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Thursday, August 9, 2012

How Java achieves platform independence

Java is platform independent language How?
Java programming language provides platform independence, what does it mean ? It means same Java program can be run on any platform or operating system e.g. Windows, Linux or Solaris without any change. This is the great benefit for some one coming from platform dependent programming language like C or C++ whose code needs to be ported for every single platform because they use native libraries, which differ in every platform. Now question comes how Java achieve platform independence, what makes Java programs running on every platform without any change ? This is one of the most basis question Java programmer ask when they start learning Java programming language. If you read further you will come to know about class files, bytecode and Java virtual machine which together provides platform independence to Java. One of the simplest analogy I can associate with platform independence is the person taking red carpet with him and instead of walking on floor, he always walks on red carpet, no matter where he is walking. That red carpet is the JVM, your Java program runs on JVM rather on any particular platform or machine. 

Java Compilation and execution

How Java achieves platform indepence For those who don't know Java is both compiler and interpreter language. When you compile a Java program it creates .class file which is collection of byte code, these byte code are not machine instruction instead they are instruction which Java virtual machine can understand. Since every Java program runs on Java virtual machine, same byte code can be run on any platform. key is byte code is not machine instruction they are platform independent instruction to JVM. On the other hand JVM or Java virtual machine is platform dependent because it converts byte code into machine level instruction which is platform specific and that's why you have different version of JDK and JRE for windows and Linux because both JDK and JRE comes with Java virtual machine. if you are confused between JVM, JRE and JDK then read my most on difference between JDK, JRE andJVM in Java.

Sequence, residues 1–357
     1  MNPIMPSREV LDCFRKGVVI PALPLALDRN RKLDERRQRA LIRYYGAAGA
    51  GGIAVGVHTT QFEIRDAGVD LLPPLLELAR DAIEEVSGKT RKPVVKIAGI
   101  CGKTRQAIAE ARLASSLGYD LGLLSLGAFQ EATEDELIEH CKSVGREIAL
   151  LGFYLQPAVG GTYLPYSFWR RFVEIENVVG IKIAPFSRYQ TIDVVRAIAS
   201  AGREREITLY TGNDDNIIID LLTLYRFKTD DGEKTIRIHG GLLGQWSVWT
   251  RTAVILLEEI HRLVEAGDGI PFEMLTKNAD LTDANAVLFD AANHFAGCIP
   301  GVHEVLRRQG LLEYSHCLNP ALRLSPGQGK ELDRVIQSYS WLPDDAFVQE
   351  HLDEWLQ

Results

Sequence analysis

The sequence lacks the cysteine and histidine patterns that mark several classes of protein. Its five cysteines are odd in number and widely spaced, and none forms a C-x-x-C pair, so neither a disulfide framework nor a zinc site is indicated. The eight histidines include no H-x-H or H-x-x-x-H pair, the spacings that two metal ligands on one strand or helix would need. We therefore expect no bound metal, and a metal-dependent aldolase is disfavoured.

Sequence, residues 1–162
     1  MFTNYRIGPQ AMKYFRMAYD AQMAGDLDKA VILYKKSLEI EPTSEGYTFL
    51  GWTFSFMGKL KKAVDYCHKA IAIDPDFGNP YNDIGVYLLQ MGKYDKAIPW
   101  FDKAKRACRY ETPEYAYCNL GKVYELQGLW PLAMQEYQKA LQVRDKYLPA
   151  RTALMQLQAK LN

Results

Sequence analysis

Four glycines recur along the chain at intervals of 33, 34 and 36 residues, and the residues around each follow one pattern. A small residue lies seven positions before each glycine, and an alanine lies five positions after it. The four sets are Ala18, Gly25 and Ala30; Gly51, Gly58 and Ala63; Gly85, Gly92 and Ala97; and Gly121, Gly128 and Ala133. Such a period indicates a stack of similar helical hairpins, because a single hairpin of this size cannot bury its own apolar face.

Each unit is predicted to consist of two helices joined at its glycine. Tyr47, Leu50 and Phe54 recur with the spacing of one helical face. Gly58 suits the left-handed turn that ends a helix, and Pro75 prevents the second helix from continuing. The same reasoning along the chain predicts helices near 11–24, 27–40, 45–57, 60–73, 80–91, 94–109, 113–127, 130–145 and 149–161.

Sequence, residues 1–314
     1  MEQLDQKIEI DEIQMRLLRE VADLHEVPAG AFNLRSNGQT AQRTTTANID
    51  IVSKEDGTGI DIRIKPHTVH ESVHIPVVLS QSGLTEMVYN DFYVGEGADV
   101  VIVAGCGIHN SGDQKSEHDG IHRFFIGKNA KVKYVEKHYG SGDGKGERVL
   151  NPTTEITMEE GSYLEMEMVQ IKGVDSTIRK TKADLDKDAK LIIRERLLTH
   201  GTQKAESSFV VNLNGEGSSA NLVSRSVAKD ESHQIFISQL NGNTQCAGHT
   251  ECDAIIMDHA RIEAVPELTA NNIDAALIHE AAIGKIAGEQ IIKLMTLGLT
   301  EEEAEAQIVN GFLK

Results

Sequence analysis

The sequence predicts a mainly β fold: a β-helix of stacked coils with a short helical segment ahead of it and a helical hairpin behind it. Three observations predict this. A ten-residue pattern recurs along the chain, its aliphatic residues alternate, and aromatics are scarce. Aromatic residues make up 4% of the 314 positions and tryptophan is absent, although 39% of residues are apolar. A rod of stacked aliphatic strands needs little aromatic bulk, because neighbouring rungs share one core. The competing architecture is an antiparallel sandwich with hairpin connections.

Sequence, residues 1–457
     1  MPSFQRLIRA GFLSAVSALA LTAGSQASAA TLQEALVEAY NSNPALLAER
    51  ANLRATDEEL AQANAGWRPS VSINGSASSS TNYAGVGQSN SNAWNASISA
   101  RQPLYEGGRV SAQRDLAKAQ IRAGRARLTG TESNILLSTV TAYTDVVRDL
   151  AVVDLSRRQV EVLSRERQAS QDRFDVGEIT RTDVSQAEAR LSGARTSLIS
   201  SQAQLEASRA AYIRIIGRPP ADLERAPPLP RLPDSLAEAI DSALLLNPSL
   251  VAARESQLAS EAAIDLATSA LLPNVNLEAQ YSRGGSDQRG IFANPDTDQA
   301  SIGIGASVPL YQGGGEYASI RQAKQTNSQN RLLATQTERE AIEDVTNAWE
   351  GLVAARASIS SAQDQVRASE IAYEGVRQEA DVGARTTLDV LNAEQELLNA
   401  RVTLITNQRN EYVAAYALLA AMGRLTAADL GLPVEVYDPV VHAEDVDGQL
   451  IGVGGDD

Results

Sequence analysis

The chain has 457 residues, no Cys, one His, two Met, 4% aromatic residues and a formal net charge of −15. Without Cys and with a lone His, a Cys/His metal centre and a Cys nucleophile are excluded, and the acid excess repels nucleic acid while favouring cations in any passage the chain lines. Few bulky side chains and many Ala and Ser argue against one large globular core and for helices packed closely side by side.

Byte code is created when you compile Java program using Java compiler "javac" and byte code runs on JVM which is created by running "java" command. In detail when you run "java" command it creates Java virtual machine, loads Main class specified in command line and calls standard main method in java.

In summary combination of byte code and JVM makes Java program platform independent. Write once run everywhere was Java’s mantra when it started ruling programming world in mid and late 90’s. Always remember, Java programs are platform independent but JVM is not. That's why you have different JVM and JRE installation for different platform e.g  Mac, Windows, Linux or Solaris. Similarly their are different JVM for 32-bit and 64-bit machine. 


  1. Life Cycle of JVM :

    When a Java application starts, a runtime instance is born. When the application completes, the instance dies. If you start three Java applications at the same time, on the same computer, using the same concrete implementation, you'll get three Java virtual machine instances. Each Java application runs inside its own Java virtual machine.

    For Example :

    If we have a Node manager which contains 3 Managed server having instance of JVM, then there will be 3 instance of JVM running on managed server, all of them will be pointing to the Node manager.

    The source code is first written in plain text files ending with the .java extension. Those source files are then compiled into .class files by the javac compiler. A .class file does not contain code that is native to your processor; it instead contains bytecodes — the machine language of the Java Virtual Machine (Java VM). The java launcher tool then runs your application with an instance of the Java Virtual Machine.

    Please chek the below UrL for the details :

    This explains what is JVM and how does it work.Very useful info.


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